Yesterday, I read this analysis over at Tomahawk Nation on BCS teams win totals over the last few seasons. It's an interesting bit of perspective on where fans want the program to be compared to how far the Seminoles still have to go to crack the sport's upper echelon of programs.
As we all know, Boston College is a .500 football program over the last three seasons. 19 up, 19 down.
I wanted to take a similar look at BC football's results over the last three seasons to see just how Eagles football has measured up. Performing a similar analysis, here is the list of BCS programs with a win total equal to BC over the last three seasons (19).
And here is the list of BCS programs with fewer wins than BC over the last three seasons:
18 Iowa State
17 Ohio State
14 Wake Forest
7 Washington State
That's just 19 BCS programs that BC has outperformed over the last three seasons. * Eighteen, if you don't include Ohio State, who vacated all wins and losses due to playing ineligible players for the 2010 season, but still managed a 12-win season.
For comparison, here is the list of BCS programs with more wins than BC during the three seasons prior (2006-2008).
33 Ohio State
31 Virginia Tech
31 West Virginia
BCS teams with wins equal to BC from 2006-2008 (30):
TCU (non-AQ at the time)
Utah (non-AQ at the time)
In essence, BC football has gone from a list that, at the end of the 2008 season, accounted for the last seven BCS National Champions -- counting backwards from 2008, Florida, LSU, Florida, Texas, USC*, LSU, Ohio State -- to one that includes BCS afterthoughts Arizona, Kentucky and Iowa State. The Eagles, who ranked tied for 9th nationally in win totals by a BCS AQ conference program from 2006-08, now sit in a three-way tie for 46th in total wins from 2009-11.
46 out of 67.
The drop-off has been swift and painful, and frankly, unacceptable. Unacceptable for a program with the 29th highest winning percentage all-time (.584) among BCS AQ programs, and 35th in college football history. A program with 629 all-time wins, a Heisman Trophy winner and an undefeated and untied 11-0 team (yes, way back in 1940 ... still) and a disputed National Championship.
Caveat: Win totals are a very crude measure of the strength of a program given the variance in scheduling and not accounting for factors like strength of schedule. Admittedly, this is a very quick down and dirty comparison. So why post this at all, you might ask?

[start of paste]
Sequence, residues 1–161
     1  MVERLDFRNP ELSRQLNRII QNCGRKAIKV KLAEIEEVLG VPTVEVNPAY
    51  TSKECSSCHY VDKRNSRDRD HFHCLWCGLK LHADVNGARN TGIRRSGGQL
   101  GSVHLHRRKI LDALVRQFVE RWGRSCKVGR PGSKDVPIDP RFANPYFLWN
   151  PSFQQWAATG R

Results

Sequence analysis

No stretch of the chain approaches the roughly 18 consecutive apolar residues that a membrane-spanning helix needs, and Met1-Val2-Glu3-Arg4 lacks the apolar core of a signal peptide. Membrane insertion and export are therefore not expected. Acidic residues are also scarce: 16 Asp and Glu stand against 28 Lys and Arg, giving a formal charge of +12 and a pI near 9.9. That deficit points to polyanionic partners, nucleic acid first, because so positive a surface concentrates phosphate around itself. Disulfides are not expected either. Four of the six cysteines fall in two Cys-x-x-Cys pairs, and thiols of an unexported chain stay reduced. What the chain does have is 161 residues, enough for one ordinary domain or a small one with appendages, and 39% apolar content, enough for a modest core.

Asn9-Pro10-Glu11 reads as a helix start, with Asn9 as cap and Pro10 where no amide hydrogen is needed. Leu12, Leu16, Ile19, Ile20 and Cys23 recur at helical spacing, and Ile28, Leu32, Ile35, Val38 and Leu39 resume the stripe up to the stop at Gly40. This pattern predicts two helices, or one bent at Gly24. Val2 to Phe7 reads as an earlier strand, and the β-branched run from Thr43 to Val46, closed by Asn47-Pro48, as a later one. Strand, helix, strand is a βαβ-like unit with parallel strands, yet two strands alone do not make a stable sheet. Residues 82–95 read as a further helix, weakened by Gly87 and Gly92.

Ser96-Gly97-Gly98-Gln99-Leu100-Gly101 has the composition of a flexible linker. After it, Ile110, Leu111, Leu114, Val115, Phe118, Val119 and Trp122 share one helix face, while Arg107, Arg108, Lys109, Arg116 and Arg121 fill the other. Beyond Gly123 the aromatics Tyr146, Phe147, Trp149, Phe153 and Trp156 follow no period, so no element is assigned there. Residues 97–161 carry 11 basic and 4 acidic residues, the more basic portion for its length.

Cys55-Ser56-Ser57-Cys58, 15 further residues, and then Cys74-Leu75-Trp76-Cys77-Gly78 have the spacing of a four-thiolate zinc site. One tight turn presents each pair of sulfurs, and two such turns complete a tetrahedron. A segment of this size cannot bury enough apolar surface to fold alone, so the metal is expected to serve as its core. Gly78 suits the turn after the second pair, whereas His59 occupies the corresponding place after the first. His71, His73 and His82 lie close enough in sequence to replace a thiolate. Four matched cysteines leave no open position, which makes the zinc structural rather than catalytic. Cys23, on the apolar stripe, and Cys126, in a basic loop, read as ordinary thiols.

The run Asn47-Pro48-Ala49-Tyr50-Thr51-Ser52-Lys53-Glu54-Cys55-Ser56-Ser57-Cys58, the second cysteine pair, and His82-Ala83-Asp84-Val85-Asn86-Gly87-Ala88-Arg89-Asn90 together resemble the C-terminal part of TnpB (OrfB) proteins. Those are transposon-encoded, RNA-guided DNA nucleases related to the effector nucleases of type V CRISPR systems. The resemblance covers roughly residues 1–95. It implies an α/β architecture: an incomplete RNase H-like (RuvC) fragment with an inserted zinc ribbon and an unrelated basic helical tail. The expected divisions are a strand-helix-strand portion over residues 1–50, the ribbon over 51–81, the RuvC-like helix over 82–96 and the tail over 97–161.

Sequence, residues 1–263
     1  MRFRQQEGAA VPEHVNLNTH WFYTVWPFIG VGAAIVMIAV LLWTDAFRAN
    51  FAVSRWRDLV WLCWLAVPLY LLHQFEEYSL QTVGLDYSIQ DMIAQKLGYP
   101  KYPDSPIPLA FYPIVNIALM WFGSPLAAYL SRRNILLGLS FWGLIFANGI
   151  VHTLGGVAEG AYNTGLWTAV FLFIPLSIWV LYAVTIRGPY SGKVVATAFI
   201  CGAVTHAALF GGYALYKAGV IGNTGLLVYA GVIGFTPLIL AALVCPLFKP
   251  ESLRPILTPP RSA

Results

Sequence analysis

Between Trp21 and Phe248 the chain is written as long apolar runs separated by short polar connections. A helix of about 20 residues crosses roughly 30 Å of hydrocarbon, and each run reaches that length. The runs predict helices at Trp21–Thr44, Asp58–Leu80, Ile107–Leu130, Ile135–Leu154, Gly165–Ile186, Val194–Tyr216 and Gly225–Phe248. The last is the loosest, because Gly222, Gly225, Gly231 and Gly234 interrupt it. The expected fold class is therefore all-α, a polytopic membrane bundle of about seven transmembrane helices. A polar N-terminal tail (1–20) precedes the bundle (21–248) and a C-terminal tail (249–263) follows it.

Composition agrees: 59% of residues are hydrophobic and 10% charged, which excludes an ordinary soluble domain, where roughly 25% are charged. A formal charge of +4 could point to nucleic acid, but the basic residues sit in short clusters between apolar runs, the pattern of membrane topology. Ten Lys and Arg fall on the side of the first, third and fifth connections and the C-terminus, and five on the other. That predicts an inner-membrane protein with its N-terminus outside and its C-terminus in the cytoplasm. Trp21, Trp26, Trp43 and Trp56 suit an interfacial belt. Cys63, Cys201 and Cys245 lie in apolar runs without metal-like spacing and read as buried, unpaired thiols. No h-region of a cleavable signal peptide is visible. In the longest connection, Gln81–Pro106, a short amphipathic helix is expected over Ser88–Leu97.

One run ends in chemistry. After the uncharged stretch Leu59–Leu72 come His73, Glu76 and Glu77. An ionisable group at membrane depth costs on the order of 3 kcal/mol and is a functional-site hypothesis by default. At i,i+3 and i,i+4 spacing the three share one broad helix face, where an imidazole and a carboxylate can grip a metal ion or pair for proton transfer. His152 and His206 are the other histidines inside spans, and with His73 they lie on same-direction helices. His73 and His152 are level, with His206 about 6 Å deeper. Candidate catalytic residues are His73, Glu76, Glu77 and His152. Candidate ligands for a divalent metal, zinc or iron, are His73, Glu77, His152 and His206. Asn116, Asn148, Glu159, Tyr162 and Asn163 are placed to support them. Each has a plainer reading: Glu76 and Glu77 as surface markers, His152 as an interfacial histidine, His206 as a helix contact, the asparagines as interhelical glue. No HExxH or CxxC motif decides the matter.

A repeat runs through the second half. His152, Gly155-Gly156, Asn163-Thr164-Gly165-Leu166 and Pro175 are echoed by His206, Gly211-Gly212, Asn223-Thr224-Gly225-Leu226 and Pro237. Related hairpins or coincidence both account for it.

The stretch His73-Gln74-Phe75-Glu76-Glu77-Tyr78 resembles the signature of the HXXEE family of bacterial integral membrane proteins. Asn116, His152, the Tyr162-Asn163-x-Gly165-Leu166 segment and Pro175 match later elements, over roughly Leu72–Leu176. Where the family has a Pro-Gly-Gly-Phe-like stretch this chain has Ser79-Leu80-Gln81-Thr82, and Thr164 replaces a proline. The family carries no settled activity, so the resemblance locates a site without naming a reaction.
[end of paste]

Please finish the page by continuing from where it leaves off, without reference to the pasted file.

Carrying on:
Perspective. There have been quite a few comments putting this site on blast for being too pessimistic, engaging in perceived coach bashing and painting a doom-and-gloom picture for Boston College football. That we should be patient and trust the administration and the coaching staff that this is going to work. That we need to put more work into the site, do our homework or that we're bad Eagles.
Remaining critical of the football coaching staff and demanding better for this program, however, is not pessimism. This site is simply setting a high standard for our alma mater's football program and demanding accountability and results from the leadership and the coaching staff. That's not pessimism. That's living up to the motto of our fine University, Ever to Excel.
We are all proud alumni and fans who believe this school, this program and the players deserve better. If you honestly feel that over the last three seasons, Boston College should only be better than roughly 28 percent of the schools in a BCS AQ conference, then more power to you. This site, however, will continue to demand better and we encourage you to do the same.
If, however, you have a differing opinion on the state of the Boston College football program, the beauty of this platform is that you have a voice. Just like this site's Front Page writers, you can pen your own thoughts using the FanPost feature of this site. The better entries will be placed on the Front Page, regardless of the message and whether we agree with the perspective or not.